The demand for heat generation based on renewable energies has become increasingly important during the last decades, especially
in urban areas. Geothermal energy, the heat stored in the upper part of the Earth?s crust, offers a huge but largely untapped
potential. Specifically, the use of near-surface geothermal energy increased significantly in Germany. Medium and deep geothermal
energy systems provide a wide range of applications for environmentally friendly, large scale heat provision. Aquifer Thermal Energy
Storage (ATES) systems, for example, offer great potential for heat supply in major cities (Fig. below, left). A case study, led by GFZ,
investigated the potential of an ATES system in the centre of Berlin. The research well Gt BCh 1/2015 on the campus of the Technical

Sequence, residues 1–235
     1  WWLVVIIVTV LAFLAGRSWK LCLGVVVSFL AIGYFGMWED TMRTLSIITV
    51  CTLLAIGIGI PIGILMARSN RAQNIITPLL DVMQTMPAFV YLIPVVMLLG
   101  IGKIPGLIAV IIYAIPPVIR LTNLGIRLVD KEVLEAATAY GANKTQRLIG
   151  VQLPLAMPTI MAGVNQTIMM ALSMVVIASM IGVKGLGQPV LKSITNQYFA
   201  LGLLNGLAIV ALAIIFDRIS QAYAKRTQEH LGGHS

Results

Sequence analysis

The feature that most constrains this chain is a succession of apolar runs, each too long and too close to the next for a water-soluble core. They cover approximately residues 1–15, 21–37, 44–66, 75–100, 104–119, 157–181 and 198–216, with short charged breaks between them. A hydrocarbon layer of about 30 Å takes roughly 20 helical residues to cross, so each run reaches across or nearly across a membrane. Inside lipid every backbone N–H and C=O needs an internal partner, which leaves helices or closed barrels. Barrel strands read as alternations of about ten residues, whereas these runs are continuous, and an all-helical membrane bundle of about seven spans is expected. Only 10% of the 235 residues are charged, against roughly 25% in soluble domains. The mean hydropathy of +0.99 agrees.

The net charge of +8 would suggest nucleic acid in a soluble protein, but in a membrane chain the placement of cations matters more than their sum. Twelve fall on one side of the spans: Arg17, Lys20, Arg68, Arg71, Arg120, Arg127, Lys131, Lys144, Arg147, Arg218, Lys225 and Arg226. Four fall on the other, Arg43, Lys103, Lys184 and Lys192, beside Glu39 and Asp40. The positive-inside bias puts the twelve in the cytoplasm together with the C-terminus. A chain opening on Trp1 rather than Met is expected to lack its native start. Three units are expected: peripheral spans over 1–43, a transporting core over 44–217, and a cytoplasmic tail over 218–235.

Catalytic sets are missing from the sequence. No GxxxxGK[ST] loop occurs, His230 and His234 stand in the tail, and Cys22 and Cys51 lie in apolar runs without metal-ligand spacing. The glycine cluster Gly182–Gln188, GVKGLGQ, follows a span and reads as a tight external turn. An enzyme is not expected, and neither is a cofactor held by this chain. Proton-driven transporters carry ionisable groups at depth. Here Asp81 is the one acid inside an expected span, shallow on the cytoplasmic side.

University of Berlin was established, geologically characterized, and hydraulically tested.
Deep geothermal systems play another important role within the future energy supply. In hydrothermal systems, direct use or conversion
of extracted heat to electricity can be obtained at economically feasible costs (Fig. below, right). These resources, however,
are limited in most countries due to local geological conditions. Nonetheless, sufficient heat in place is encountered in other geological
settings such as the so called ?petrothermal? systems, which could cover the heat demand for centuries. However, the initial productivity
of these systems is often too low for an economically viable utilization. Further research and demonstrators are needed to
improve the efficiency and sustainability of geothermal energy systems. Gro? Sch?nebeck, the geothermal research site of the GFZ,
has been established as a research platform for technology development and process understanding in order to achieve a broader
spectrum of technical solutions for using this domestic form of energy.